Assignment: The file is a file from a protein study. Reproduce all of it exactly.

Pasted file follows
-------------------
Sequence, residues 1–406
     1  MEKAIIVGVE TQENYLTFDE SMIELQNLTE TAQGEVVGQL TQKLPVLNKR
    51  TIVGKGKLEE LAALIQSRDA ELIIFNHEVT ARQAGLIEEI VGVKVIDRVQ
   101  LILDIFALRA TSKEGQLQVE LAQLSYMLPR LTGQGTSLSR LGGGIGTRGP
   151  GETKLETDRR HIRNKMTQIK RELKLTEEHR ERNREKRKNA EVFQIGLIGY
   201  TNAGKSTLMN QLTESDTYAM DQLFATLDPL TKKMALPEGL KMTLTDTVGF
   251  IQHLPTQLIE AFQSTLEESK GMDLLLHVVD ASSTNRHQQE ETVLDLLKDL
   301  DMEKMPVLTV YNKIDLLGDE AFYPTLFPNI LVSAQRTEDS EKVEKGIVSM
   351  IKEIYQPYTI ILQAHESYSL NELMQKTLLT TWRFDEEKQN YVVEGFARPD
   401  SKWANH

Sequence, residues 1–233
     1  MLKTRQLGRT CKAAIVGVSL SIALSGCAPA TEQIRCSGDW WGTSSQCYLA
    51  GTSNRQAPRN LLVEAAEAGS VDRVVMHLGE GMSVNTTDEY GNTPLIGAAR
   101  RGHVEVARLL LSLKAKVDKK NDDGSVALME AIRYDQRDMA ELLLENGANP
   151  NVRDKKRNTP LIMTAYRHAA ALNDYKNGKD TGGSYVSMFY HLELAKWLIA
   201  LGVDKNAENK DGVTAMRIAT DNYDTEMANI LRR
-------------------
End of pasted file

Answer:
Sequence, residues 1–406
     1  MEKAIIVGVE TQENYLTFDE SMIELQNLTE TAQGEVVGQL TQKLPVLNKR
    51  TIVGKGKLEE LAALIQSRDA ELIIFNHEVT ARQAGLIEEI VGVKVIDRVQ
   101  LILDIFALRA TSKEGQLQVE LAQLSYMLPR LTGQGTSLSR LGGGIGTRGP
   151  GETKLETDRR HIRNKMTQIK RELKLTEEHR ERNREKRKNA EVFQIGLIGY
   201  TNAGKSTLMN QLTESDTYAM DQLFATLDPL TKKMALPEGL KMTLTDTVGF
   251  IQHLPTQLIE AFQSTLEESK GMDLLLHVVD ASSTNRHQQE ETVLDLLKDL
   301  DMEKMPVLTV YNKIDLLGDE AFYPTLFPNI LVSAQRTEDS EKVEKGIVSM
   351  IKEIYQPYTI ILQAHESYSL NELMQKTLLT TWRFDEEKQN YVVEGFARPD
   401  SKWANH

Sequence, residues 1–233
     1  MLKTRQLGRT CKAAIVGVSL SIALSGCAPA TEQIRCSGDW WGTSSQCYLA
    51  GTSNRQAPRN LLVEAAEAGS VDRVVMHLGE GMSVNTTDEY GNTPLIGAAR
   101  RGHVEVARLL LSLKAKVDKK NDDGSVALME AIRYDQRDMA ELLLENGANP
   151  NVRDKKRNTP LIMTAYRHAA ALNDYKNGKD TGGSYVSMFY HLELAKWLIA
   201  LGVDKNAENK DGVTAMRIAT DNYDTEMANI LRR